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dc.contributor.authorDe Moor, Roeland Jozef Gentil
dc.contributor.authorVerheyen, Jeroen
dc.contributor.authorVerheyen, Peter
dc.contributor.authorDiachuk, Andrii
dc.contributor.authorMeire, Maarten August
dc.contributor.authorDe Coster, Peter Jozef
dc.contributor.authorDe Bruyne, Mieke
dc.contributor.authorKeulemans, Filip
dc.date.accessioned2017-10-03T07:46:01Z
dc.date.available2017-10-03T07:46:01Z
dc.date.issued2015-3-22
dc.identifier.citationRoeland Jozef Gentil De Moor, Jeroen Verheyen, Peter Verheyen, et al., “Laser Teeth Bleaching: Evaluation of Eventual Side Effects on Enamel and the Pulp and the Efficiency In Vitro and In Vivo,” The Scientific World Journal, vol. 2015, Article ID 835405, 12 pages, 2015. doi:10.1155/2015/835405
dc.identifier.urihttps://www.repository.cam.ac.uk/handle/1810/267644
dc.description.abstractLight and heat increase the reactivity of hydrogen peroxide. There is no evidence that light activation (power bleaching with high-intensity light) results in a more effective bleaching with a longer lasting effect with high concentrated hydrogen peroxide bleaching gels. Laser light differs from conventional light as it requires a laser-target interaction. The interaction takes place in the first instance in the bleaching gel. The second interaction has to be induced in the tooth, more specifically in the dentine. There is evidence that interaction exists with the bleaching gel: photothermal, photocatalytical, and photochemical interactions are described. The reactivity of the gel is increased by adding photocatalyst of photosensitizers. Direct and effective photobleaching, that is, a direct interaction with the colour molecules in the dentine, however, is only possible with the argon (488 and 415 nm) and KTP laser (532 nm). A number of risks have been described such as heat generation. Nd:YAG and especially high power diode lasers present a risk with intrapulpal temperature elevation up to 22°C. Hypersensitivity is regularly encountered, being it of temporary occurrence except for a number of diode wavelengths and the Nd:YAG. The tooth surface remains intact after laser bleaching. At present, KTP laser is the most efficient dental bleaching wavelength.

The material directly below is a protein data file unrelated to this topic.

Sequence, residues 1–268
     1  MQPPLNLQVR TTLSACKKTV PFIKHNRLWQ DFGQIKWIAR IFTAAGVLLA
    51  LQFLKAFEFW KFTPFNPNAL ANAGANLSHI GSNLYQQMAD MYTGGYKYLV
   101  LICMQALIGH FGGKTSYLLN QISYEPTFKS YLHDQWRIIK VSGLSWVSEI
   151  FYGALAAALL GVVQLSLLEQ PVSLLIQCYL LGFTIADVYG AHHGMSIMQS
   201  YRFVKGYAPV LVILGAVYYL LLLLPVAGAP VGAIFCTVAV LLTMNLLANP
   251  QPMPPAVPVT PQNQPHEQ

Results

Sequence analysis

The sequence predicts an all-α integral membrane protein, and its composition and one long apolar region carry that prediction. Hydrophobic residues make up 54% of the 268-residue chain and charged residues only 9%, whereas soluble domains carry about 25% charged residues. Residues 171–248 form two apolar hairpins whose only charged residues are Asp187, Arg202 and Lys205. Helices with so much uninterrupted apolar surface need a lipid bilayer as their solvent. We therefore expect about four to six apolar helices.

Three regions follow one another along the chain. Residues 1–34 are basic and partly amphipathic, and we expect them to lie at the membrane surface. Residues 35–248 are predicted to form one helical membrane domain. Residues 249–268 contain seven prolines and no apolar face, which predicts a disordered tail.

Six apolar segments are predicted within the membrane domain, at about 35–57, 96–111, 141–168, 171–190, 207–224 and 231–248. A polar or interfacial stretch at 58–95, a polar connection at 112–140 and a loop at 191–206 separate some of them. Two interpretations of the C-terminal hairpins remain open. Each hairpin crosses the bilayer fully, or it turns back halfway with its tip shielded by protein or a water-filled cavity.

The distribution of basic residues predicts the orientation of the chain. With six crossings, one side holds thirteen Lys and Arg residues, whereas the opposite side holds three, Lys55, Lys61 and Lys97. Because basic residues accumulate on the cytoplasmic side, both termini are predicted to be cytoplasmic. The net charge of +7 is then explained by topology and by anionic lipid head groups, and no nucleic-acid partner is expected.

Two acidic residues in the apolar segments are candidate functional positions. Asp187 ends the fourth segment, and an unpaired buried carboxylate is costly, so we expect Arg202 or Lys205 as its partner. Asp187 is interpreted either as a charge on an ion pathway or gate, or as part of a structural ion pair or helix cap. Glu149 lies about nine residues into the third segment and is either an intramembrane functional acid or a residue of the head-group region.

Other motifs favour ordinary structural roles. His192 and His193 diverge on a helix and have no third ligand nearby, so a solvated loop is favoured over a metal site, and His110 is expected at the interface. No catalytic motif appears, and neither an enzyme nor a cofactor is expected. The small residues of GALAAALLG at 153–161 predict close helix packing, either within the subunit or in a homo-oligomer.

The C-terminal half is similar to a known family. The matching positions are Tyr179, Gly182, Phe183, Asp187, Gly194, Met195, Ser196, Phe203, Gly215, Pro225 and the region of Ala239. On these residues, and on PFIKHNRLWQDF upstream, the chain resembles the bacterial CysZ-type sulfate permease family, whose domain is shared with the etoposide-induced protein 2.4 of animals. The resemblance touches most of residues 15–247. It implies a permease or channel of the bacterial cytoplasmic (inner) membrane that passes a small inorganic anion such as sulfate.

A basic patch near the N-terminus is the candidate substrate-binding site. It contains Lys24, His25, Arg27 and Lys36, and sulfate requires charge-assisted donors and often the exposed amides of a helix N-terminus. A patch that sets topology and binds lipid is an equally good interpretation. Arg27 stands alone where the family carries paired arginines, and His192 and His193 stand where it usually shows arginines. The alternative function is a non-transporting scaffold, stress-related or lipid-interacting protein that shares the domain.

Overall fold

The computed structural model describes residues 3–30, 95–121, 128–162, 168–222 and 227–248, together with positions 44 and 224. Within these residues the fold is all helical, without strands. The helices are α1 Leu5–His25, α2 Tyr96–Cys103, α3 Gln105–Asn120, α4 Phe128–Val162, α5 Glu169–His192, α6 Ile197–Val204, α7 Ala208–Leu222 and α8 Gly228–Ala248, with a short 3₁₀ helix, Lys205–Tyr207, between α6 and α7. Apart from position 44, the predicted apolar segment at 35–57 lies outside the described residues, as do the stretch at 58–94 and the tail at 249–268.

dc.rightsAll Rights Reserveden
dc.rights.urihttps://www.rioxx.net/licenses/all-rights-reserved/en
dc.titleLaser Teeth Bleaching: Evaluation of Eventual Side Effects on Enamel and the Pulp and the Efficiency In Vitro and In Vivo
dc.typeArticle
dc.date.updated2017-07-13T08:27:49Z
dc.description.versionPeer Reviewed
dc.language.rfc3066en
dc.rights.holderCopyright © 2015 Roeland Jozef Gentil De Moor et al. This is an open access article distributed under the Creative Commons Attribution License, which permits unrestricted use, distribution, and reproduction in any medium, provided the original work is properly cited.
dc.identifier.doi10.17863/CAM.13583
rioxxterms.versionofrecord10.1155/2015/835405


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